The best way to resolve the issue at the time was to run away. I packed my family up, we pulled the kids out of school, we moved 1200 miles away to Tampa, Florida.
Within an hour or two of moving into this new house and if you thought it was bad when I lived in New Jersey, now I walked into this new house and went, “What the hell have I just done? What was I thinking? I sold the house, I pulled the kids out of school and now I live in Tampa.”
I didn't even know anybody in Tampa. The weather is nice and there's a beach nearby but that's about all I got.
I'm in mid-panic attack and I just had to go for a walk. That's when I met my neighbor Dick. He's just this extraordinary guy that really took me under his wing and unbeknownst to him, became a mentor of mine for about a year.
I wrote a blog post about it and it went viral. But I was like, “Wow, I'm really onto something so I'm going to do nothing about it because I've struck a nerve so I'm just going to walk away from it and do nothing.” I guess a couple months later, people kept asking about it, it just kept drawing more and more traffic that I wanted to do a talk and I really wanted to do a talk at Inbound, which was … I officially wanted a TEDTalk but I was like I've only spoken on stage half a dozen times, there's no way Ted is going to be like, “Yeah, sure, come on in, Be A Dick.”
That wasn't going to happen. I wanted to speak at Inbound. About 15,000 people show up to this event and it's in my industry because I'm still in the SEO industry. It's in Boston, my old stomping grounds from when I was in college and I really wanted to do that so that was my goal. I ended up doing a talk there and it blew up from there.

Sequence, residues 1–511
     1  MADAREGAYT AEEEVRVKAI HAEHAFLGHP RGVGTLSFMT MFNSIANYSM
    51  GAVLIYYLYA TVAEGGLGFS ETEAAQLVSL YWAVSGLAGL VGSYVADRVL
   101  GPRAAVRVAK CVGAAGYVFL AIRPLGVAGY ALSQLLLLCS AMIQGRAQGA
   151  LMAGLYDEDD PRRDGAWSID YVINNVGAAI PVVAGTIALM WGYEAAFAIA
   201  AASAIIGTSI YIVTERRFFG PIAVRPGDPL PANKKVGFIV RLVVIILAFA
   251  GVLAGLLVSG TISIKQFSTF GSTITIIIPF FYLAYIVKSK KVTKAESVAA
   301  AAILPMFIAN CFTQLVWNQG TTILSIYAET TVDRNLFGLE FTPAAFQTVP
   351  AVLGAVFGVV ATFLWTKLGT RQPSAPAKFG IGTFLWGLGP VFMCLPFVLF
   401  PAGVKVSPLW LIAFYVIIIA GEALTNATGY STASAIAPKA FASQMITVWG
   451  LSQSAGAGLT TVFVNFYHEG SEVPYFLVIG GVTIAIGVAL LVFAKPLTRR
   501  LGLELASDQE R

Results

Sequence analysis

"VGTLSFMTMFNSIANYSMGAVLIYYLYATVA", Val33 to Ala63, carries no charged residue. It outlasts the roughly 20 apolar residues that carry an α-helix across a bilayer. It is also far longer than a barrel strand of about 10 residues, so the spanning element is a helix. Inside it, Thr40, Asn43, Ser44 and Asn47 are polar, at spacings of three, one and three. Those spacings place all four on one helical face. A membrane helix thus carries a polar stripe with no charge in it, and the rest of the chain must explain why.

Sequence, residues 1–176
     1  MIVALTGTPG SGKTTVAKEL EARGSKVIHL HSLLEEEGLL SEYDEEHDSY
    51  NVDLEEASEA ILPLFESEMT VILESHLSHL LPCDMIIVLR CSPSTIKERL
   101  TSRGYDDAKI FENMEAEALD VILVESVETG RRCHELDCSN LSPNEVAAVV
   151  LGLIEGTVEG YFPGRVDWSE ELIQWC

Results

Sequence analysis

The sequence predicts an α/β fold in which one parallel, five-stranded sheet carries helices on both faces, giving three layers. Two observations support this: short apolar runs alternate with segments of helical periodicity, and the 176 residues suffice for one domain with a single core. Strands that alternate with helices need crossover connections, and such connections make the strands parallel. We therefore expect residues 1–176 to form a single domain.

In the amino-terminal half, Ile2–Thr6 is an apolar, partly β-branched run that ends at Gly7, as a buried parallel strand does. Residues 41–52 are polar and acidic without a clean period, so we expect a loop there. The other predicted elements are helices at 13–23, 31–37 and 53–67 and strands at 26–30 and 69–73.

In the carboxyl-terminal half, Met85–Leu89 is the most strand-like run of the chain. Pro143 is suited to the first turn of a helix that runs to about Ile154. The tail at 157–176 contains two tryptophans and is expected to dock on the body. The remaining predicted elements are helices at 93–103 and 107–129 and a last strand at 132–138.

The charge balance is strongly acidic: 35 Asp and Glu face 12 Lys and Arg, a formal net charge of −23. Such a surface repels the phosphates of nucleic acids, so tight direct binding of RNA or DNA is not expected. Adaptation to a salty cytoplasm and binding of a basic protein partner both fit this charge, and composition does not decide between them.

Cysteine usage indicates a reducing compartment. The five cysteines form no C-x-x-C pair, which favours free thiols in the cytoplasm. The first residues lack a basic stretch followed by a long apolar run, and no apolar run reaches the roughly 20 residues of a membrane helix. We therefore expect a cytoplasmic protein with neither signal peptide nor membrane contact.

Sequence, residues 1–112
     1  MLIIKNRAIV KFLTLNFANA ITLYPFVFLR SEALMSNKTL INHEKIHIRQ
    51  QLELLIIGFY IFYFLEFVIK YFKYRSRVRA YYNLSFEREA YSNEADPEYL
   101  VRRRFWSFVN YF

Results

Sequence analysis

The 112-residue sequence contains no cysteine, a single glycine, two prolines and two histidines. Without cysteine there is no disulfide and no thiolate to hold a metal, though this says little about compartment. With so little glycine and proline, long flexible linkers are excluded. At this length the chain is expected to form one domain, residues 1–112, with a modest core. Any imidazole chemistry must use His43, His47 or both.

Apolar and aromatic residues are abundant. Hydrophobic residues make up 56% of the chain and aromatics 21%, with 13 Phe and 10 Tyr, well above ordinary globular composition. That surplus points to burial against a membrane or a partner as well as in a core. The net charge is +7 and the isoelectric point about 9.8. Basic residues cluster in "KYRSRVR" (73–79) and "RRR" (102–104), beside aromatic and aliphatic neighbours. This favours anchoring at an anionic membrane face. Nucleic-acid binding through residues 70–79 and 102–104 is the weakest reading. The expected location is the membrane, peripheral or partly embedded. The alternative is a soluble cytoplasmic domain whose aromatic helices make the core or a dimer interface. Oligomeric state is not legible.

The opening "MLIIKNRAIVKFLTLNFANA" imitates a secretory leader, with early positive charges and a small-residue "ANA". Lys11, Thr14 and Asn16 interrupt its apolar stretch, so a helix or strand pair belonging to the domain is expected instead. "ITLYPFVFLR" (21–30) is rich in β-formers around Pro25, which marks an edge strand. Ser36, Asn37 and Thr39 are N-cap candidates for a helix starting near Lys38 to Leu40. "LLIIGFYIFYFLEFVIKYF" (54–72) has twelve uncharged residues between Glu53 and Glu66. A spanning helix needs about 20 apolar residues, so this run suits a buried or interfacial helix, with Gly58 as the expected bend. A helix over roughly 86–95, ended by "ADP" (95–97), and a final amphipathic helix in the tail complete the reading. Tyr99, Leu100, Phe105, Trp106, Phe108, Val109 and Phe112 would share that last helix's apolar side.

An Unconventional Path to Landing an Epic Speaking Opportunity
Michelle: Before we move on, tell the story of how you landed that talk because it's not like you just applied and crossed your fingers. You were fairly tenacious, I would say, in going after that speech.
Marc: I feel like there should be the disclaimer on the screen right now, “Kids, don't try this at home.” I don't want to ruin your audience and get a bunch of people in trouble.
Like I said, I'd only spoken about a half a dozen times, I spoke for SCORE and the local Rotary, that was the extent of my speaking experience. I had joined a ToastMasters meeting but I stopped going because it was boring.
Actually, it was part boring and part I just couldn't afford it because it was 25 cents every time I said “Umm” and it was costing me way too much to go to these things.
I get offered this gig to speak in Halifax at a marketing conference by a friend of mine that I knew from Twitter. We'd never met in person but we got along really well on Twitter and we became good friends.
I was like, “Great, yeah, of course, I'll take it.” It was a paid speaking gig, doesn't pay that much but it's more than the zero I'd normally get so sure. We'll cover your flight and your hotel and that sounded amazing so I signed up and better yet, Gary V was one of the keynotes and Scott Stratten was the other.
Marc: Oh my God, so I get to hang out with them, meet them, and a bunch of other speakers that I really wanted to meet and so I had it all figured out.
Then I looked on a map and I realized that Halifax is in Canada. I'm like, I am now an international speaker. These are things that are going through my head because I have no other experience.
I don't have a Sizzle reel, I don't have a video. The only video I did have was my wife using a camcorder at some weird talk I did for eight people, it was not impressive.
Then, it ends up that the last minute, the gig gets canceled because they have to cut the budget and I had to go. I was like, “Did you cut Gary V or Scott Stratten?” They're like, “Well, no, we didn't cut that side of the budget, we cut the who is that budget.” I ended up going, “Well, I'll do it for free, just cover the flight and the hotel, I'll do it for free.” They said, “Okay.”
That's probably a bad idea, I guess, to speak for free or whatever. But I saw this as international, Gary V, Scott Stratten. That was my thought process.